Ex-President Park Geun-hye indicted in corruption probe

South Korean prosecutors on Monday indicted former President Park Geun-hye, who has been impeached and arrested, on multiple corruption charges including bribery and abuse of power.

With the indictment, the prosecutors ended a six-month, multifaceted probe into the corruption scandal that forced Park out of office last month.

Park's indictment is reported to be a widely expected follow-up after she was arrested on 31 March on numerous charges including leaking government secrets.

The sixty-five-year-old has been accused of colluding with her confidante Choi Soon-Sil to receive bribes from Lotte and Samsung.

SK chairman Chey Tae-won narrowly escapes prosecution because his conglomerate refused to submit to demands for extra cash after a hefty initial donation to Choi's dubious Mir and K-Sports foundations.

Park, Choi and Samsung's top executive have all denied any wrongdoing.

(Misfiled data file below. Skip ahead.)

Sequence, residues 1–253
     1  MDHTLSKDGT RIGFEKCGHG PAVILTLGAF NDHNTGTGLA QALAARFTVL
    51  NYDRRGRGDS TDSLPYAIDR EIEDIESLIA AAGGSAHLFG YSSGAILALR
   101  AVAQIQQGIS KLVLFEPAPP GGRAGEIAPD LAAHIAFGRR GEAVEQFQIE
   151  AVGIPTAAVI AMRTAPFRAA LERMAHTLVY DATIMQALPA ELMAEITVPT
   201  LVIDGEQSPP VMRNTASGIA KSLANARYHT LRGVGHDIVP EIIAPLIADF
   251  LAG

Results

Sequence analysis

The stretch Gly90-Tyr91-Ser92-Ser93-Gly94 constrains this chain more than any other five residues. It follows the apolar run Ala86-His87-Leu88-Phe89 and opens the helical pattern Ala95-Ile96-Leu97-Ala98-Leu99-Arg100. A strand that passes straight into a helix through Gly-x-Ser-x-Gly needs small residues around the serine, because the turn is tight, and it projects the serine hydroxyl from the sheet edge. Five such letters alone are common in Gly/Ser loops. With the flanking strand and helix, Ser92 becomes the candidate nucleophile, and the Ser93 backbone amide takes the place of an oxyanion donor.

Both Moon and Ahn criticized the hard-line North Korean policy of Park's government and Washington.

Choi is on trial for coercion and abuse of power.

Lotte, South Korea's fifth-biggest conglomerate, is grappling with the Chinese shutdown of dozens of its stores in China after it agreed to provide land for the US Terminal High Altitude Area Defence system outside Seoul.

In another blow to Lotte Group, whose family members are already standing trial for their involvement in embezzlement, tax evasion and fraud, its chief Shin was indicted for seeking a favor from Park to secure a business license for its duty-free shop by contributing 7 billion won to the K-Sports Foundation.

South Korea pardoned two of its convicted former leaders in the late 1990s in a bid for national reconciliation amid a financial crisis, and its court had until recently shown leniency toward corrupt business tycoons because of worries about hurting the economy.

The $US52 million they were accused of collecting or demanding in bribes from businesses included $US38 million in bribes or promised bribes from Samsung.

She lost her presidential immunity and was dismissed from her post when the constitutional court upheld a decision by parliament in December to impeach her.

Lotte denied allegations that it made improper deals with Park, or those linked to her, for favors, but said it would explain itself at court to resolve suspicions.

Prosecutors have been accelerating the investigation to conclude it before Monday's launch of the official campaign for the May 9 presidential election.

The former leader, already detained at a center near Seoul, also faces charges of abusing her powers and leaking state secrets.

  • Leroy Wright